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Mosfet

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what I was looking for specifically was an equivalent circuit, and some ideas on how do not destroy them with heat or over voltage. Lets try this:

1.) What voltages are MOSFETs used for (most of the time)?

2.) Are MOSFETs designed for use in AC circuits?

3.) What is the equivalent circuit for a MOSFET?

4.) What is the equivalent circuit for a JFET?
 

QuietMan

Member
Most MOSFETs require at least 10V on the gate to turn fully on. When conducting (fully on) they can have some impressively low ohmage values, and carry some awesome currents. The 10V requirement is a real let down for many uses, so there are another class of MOSFETs that use 5V on the gate, called logic level MOSFETs. Most of these units have a Z in the part number (such as IFZ34). Someone on another forum was telling about units that go even lower gate voltages, but I have no experience with those.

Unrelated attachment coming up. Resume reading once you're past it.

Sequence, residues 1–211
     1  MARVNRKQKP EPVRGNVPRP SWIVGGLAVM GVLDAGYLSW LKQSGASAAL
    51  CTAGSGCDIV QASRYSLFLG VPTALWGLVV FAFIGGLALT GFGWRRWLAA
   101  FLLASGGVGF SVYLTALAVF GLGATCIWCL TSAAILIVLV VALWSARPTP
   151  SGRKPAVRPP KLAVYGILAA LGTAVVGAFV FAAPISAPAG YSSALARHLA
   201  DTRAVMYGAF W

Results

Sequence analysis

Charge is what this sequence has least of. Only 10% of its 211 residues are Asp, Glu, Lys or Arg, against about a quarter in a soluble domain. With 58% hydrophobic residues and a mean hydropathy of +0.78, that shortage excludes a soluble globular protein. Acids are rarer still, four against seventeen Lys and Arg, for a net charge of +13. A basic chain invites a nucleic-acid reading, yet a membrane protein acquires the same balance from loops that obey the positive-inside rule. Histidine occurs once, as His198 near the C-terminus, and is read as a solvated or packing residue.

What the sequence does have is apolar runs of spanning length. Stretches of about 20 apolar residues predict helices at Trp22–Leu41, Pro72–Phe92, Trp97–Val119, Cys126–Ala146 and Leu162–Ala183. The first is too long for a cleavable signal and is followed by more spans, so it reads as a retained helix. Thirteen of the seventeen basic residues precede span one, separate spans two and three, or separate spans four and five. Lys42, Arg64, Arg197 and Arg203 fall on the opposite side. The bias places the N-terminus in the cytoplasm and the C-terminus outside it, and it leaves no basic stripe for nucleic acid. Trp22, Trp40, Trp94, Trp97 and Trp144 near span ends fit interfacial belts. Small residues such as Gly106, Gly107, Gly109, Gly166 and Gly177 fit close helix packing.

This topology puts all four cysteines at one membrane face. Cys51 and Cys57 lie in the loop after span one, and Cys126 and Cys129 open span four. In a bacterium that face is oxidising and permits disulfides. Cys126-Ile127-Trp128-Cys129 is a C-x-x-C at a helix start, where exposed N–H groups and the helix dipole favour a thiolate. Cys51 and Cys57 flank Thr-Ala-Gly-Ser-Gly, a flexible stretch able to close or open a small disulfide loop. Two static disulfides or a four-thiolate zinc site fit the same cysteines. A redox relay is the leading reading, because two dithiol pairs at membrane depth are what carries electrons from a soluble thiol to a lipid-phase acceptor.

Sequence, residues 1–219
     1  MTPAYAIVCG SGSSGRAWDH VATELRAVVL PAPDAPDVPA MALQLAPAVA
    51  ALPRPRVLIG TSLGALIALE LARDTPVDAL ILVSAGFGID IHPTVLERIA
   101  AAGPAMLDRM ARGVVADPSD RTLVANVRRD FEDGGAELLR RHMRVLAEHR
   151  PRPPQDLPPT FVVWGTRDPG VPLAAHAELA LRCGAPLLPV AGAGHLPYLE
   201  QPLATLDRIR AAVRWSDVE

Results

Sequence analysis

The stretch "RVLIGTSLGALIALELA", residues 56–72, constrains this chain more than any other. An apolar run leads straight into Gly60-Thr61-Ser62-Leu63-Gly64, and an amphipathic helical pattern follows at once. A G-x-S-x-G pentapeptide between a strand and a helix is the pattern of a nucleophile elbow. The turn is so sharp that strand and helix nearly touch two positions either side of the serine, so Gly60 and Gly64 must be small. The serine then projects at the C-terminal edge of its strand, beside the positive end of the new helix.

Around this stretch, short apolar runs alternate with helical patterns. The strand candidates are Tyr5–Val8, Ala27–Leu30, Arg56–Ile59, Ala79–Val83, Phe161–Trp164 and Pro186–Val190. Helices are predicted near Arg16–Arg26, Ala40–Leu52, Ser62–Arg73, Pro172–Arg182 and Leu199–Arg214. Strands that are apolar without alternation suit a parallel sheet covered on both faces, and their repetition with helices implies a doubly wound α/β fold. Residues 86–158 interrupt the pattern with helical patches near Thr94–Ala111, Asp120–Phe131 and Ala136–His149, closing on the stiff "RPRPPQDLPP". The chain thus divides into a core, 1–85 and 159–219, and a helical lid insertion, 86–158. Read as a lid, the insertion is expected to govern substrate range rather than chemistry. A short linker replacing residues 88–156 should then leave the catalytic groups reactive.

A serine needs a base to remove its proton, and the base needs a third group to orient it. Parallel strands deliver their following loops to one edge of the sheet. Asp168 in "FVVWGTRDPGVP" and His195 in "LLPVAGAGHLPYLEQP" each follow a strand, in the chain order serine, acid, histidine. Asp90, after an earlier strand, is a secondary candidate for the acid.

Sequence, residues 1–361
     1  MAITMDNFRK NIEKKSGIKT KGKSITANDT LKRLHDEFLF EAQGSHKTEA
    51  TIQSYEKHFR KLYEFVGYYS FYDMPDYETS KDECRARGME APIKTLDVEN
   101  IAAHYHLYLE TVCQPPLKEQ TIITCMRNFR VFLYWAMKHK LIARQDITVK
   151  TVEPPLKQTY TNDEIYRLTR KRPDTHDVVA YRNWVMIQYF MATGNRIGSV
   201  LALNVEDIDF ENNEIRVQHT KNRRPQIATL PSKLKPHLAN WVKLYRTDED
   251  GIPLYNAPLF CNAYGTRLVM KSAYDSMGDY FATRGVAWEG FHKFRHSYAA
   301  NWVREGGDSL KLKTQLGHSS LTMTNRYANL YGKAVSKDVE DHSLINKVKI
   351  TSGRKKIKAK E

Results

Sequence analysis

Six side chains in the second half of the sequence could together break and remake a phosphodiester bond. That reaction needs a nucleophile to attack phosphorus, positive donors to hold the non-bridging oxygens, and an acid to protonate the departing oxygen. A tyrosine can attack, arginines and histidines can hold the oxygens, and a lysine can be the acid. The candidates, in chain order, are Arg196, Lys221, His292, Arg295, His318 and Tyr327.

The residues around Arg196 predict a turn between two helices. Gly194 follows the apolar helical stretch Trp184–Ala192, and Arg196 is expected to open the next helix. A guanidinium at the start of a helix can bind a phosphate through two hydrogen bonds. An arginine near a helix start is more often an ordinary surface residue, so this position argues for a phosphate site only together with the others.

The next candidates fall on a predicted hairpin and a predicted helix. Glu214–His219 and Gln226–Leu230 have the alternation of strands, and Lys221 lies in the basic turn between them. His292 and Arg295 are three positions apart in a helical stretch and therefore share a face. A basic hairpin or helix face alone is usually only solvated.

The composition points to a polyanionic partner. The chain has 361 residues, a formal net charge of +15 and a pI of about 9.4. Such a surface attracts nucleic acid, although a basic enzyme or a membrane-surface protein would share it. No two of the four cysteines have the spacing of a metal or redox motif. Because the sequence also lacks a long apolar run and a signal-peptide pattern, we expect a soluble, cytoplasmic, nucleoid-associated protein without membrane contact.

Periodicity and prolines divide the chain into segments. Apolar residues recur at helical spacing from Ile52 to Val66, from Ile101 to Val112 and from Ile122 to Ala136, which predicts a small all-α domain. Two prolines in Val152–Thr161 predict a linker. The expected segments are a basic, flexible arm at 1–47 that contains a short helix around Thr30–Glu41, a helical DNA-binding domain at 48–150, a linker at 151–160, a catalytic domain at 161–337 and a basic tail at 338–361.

MOSFETs have a relatively high gate capacitance, so you need a driver that can handle high surge currents for them. Once charged, the gate draws little or no current.

If have heard about (but never seen) circuits that use MOSFETs instead of diode in a bridge. They are not diodes of course, but if you turn them on at exactly the right time you can get a rectified signal with no voltage drop and no heat (a result of the really good conductance).